VIII. Student Athletes
Student athletes should submit the official NIU Student-Athlete Academic Support Services (SAASS) form to me as soon as possible. Failure to do so will result in unsatisfactory reports when academic progress is requested from the NIU Associate Director of Athletics.
IX. Course Schedule/Calendar:
Spring 2009 Semester Course Outline and Required Reading Assignments
(Assigned Readings and Examinations May Change At the Discretion of Instructor. If so, I will inform the class prior to the change(s).
Week/Date: Required Readings
Part I: The Origins and Evolution of the Presidency
January 13: Introduction, distribute syllabi and other necessary stuff
January 15: Lecture: Approaches to Studying the Presidency
Readings: Campbell, Chapter 14, the Legacy of the George
W. Bush Presidency-A Revolutionary President? pp. 325-34
and Pika, Chapter 1, pp. 1-31
January 20: Lecture: The Constitutional Convention and Creating the Presidency
Readings: Milkis, Chapter 1, pp. 1-23,
Article, Roche; “The Founding Fathers: A Reform Caucus
In Action” Blackboard
Handouts: The Articles of Confederation, Debate of the Constitutional Convention and Checks and Balances Blackboard
January 22: Readings: Milkis, Chapter 2, pp. 26-63 (pay special
attention to pp. 60-62)
Federalist Papers #s 47, 48 and 51 can be accessed via:
http://www.conservativetruth.org/library/fed47.html (Paragraphs 1-3)
January 27: Lecture: The Pre-modern Presidency and Sources of Constitutional Ambiguities
Readings: Milkis, Chapter 3 (George Washington and John Adams), pp. 68-93 and
Pacificus/Helvidius Debates, Access from the website:
January 29: Readings: Milkis, Chapter 4(Thomas Jefferson), pp. 97-114 and
Milkis, Chapter 2, pp. 63-64 and Chapter 16 (Vice-President), pp. 451-461
February 3 Lecture: Jacksonian Democracy
(Elite versus Popular Democracy) Blackboard
Reading: Milkis, Chapter 5, pp. 121-147
February 5: Lecture: Expanding Presidential Power
Readings: Milkis, Chapter 6 (Abraham Lincoln), pp. 151-170 and Chapter 7 (Reaction against Presidential Power), pp. 173-180
February 10: Lecture: The Rise of Executive Power, the Progressives
Reading: Milkis, Chapter 8, pp. 208-232 and Chapter 9, pp. 237-255
February 12: Lecture: The End of the Progressive Era
Reading: Milkis, Chapter10, pp. 258-277
February 17: Research Paper Proposal due by the beginning of class!
Lecture: the Evolution of the Presidential Selection Process
Readings: Pika, Chapter 2, pp. 37-83,
Handouts: The Nomination Process & Electoral College
February 19 Lecture: The Permanent Campaign
Reading: Pika, pp. 136-137
Review for Examination #1
Part II: The Modern Presidency
February 24: Examination #1(Weeks 1-6)
February 26: Lecture: The Modern Presidency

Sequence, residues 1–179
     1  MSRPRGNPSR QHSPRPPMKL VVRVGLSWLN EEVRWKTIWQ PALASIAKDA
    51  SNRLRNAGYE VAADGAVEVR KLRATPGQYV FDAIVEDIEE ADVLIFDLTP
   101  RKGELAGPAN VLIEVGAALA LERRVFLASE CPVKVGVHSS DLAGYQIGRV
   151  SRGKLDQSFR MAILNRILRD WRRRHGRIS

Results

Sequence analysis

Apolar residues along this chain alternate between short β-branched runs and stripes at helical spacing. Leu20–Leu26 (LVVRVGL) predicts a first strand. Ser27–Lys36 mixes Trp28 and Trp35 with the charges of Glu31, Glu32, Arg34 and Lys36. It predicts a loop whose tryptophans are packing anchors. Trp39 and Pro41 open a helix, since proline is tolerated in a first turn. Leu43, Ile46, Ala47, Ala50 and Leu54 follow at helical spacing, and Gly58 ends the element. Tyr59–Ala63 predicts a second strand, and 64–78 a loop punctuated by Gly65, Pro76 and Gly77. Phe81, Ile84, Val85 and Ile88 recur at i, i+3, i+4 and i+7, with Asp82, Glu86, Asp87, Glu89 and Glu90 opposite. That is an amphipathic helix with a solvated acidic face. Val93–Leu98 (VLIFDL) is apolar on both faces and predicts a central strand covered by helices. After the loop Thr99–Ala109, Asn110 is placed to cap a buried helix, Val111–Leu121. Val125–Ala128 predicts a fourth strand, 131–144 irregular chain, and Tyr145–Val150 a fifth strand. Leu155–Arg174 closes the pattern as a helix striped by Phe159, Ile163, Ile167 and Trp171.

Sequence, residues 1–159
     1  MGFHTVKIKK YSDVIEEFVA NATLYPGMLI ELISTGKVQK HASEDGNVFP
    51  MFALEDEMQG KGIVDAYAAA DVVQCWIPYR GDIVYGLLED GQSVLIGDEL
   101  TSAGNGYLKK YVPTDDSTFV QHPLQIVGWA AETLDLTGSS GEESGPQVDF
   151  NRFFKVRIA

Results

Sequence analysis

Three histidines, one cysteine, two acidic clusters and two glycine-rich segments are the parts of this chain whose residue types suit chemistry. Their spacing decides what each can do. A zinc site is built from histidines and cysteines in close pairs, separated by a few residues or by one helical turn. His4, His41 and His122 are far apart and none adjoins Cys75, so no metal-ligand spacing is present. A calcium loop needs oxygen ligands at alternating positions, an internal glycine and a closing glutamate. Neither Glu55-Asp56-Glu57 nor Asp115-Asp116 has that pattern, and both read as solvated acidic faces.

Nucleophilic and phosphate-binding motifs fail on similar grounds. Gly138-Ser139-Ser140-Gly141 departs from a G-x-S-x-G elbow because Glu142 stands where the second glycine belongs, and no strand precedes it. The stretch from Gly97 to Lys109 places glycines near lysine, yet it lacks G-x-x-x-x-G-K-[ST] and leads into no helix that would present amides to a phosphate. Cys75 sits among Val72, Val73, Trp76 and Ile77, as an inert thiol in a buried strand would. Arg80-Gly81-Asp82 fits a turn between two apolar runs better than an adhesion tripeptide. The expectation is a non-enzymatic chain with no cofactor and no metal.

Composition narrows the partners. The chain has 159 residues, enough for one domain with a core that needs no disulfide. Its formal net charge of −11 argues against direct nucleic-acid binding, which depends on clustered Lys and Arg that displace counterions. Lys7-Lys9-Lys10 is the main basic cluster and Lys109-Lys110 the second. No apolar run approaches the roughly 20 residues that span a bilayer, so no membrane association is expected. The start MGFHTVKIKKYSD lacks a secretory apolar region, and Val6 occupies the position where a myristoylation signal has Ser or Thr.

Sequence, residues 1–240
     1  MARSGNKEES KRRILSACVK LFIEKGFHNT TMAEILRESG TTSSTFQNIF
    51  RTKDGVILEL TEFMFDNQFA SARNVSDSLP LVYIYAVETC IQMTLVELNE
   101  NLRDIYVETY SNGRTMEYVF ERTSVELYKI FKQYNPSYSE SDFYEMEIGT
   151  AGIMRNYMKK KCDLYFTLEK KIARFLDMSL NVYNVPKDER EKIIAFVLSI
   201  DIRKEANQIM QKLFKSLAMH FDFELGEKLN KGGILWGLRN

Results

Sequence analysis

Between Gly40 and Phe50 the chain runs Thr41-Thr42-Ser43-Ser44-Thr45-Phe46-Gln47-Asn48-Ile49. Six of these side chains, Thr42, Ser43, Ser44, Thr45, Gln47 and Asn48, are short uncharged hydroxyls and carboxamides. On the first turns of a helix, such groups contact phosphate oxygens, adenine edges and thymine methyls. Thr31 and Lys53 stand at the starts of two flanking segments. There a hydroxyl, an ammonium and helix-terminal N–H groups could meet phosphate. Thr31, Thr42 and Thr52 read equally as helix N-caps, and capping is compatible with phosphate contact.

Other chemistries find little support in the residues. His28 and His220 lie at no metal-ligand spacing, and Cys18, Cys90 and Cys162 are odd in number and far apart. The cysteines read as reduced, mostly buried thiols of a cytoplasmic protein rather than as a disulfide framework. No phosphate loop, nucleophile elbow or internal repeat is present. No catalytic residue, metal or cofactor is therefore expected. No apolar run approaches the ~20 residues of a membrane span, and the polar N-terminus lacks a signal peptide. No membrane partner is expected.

Reading: Milkis Chapter 10, The Triumph of Conservative Republicanism, pp. 258-277
March 3: Lecture: The Consolidation of Executive Power
Reading: Milkis, Chapter 11, pp. 280-317
March 5: Lecture: and the Executive Office of the President
Readings: Pika, Chapter 6, pp. 246-89 and the Economic
Sub presidency, pp. 388-407
March 9-13: Spring Break, No Classes!!
Part III: Institutional Checks on the Executive Branch
March 17: Lecture: The President and Congress
Reading: Pika, Chapter 5, pp. 200-238
March 19: Lecture: The President and the Judiciary
Reading: Pika, Chapter 7, pp. 298-327
March 24: Lecture: Presidential Leadership in the Washington Community
Reading: Neustadt, Preface-p 49 (Chapter 3)
March 26: Lecture: The Federal Budget and Economic Policy
Reading: Neustadt, pp. 50-90 (Chapters 4-5)
March 31: Lecture: The War Powers Act of 1973 and
Signing Statements and Executive Orders
Reading: Pika, pp. 221-23
Review for Exam #2
April 2: Examination #2: (Weeks 7-12)
Part IV: The President and the Public
April 7: Lecture: The President and the Public
Reading: Pika, Chapter 3, pp. 93-136
April 9: Lecture: Personalizing the Presidency. Kennedy-Carter
and Psychological Approaches to Assessing
Reading: Milkis, Chapter 12, pp. 323-360
April 14: Lecture: The Presidency of Ronald Reagan
Readings: Milkis, Chapter 13, pp. 366-385
April 16: Lecture: Going Public
Reading: Kernell, pp. 1-45 (Chapters 1 and 2)
April 21: Research Paper Due (Final Draft)!!!!!!!!
Lecture: Avenues of Going Public
Reading: Kernell, pp. 48-106 (Chapters 3 and 4)
April 23: Lecture: The Growth of Going Public and a Case Study of
Going Public: Reagan and His First Three Budgets
Reading: Kernell, pp. 110-177(Chapters 5 and 6)
Part V: Executive Leadership and Public Policy
April 28: Lecture: Presidential Decision Making: Domestic Policy
Reading: Pika, Chapter 8, pp. 333-362
April 30: Lecture: Presidential Decision Making: National Security
and Foreign Policy
Reading: Pika, chapter 10, pp. 412-446
(I will schedule a review session for the final exam for those students interested)
Seventeenth Week Final Exam Week
May 7, 2009 Examination #3 (Weeks 13-16)
Special Time; same location: Thursday: 12:00-1:50 pm
(This time is designated by the university)